EU calls for fiscal prudence

Athens being told to rein in public expenditure regardless of outcome of discussions on rules

EU calls for fiscal prudence

Talks on the new Stability Pact of the European Union got under way last week at the Eurogroup and are expected to last until October at least, with the direction being toward greater flexibility. Regardless of the outcome of the discussions, however, Athens has been asked to demonstrate fiscal prudence starting this year.

There are various camps within the Eurogroup between those wanting more and those seeking less relaxed rules, and Greece is the country with the greatest interest in flexibility, due to its high debt.

The existing rules would have put a chokehold on the Greek economy, as they would have required primary budget surpluses of 6%-7% every year. Even if the debt limit rose to 100% of gross domestic product, Greece would still need a primary surplus of 4%-5% of its GDP.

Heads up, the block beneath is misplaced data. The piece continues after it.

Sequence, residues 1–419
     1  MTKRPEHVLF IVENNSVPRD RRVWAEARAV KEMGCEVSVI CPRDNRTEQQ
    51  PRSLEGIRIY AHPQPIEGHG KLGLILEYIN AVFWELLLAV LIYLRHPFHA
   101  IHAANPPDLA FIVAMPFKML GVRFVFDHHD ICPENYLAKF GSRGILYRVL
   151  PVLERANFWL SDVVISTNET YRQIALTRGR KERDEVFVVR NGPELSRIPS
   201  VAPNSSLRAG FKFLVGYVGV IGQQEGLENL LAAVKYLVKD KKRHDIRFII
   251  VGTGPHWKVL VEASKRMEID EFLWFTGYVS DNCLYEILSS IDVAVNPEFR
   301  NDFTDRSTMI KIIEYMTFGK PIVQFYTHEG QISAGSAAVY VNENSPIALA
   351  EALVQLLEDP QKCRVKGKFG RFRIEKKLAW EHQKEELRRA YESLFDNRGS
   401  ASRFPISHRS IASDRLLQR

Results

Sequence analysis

A new framework that would be lenient enough for Athens would require a primary surplus of 2% of GDP. This is the government’s aspiration, though it is still too early to assume this will be the case. The European Commission will issue directions for the 2023 budgets in April, which will also be an indication of the course of the Stability Pact changes. Greece would also like an exemption for defense spending, though this is a position that will be a tough sell.

The only thing that is certain, is that the government will be asked to return to fiscal discipline this year. The messages it has received ahead of Greece’s upcoming emergence from enhanced surveillance status indicated that it should show prudence and avoid the policy of support measures unless they are targeted and essential.

The Finance Ministry appears to have committed itself to a primary budget deficit of just 1% this year so that in 2023 the budget reverts to a primary surplus.

After all, government officials consider that with 2023 being an election year, it would make sense to avoid exhausting the budget spending margin and the European Commission’s tolerance this year, or risk the country missing its investment grade target.

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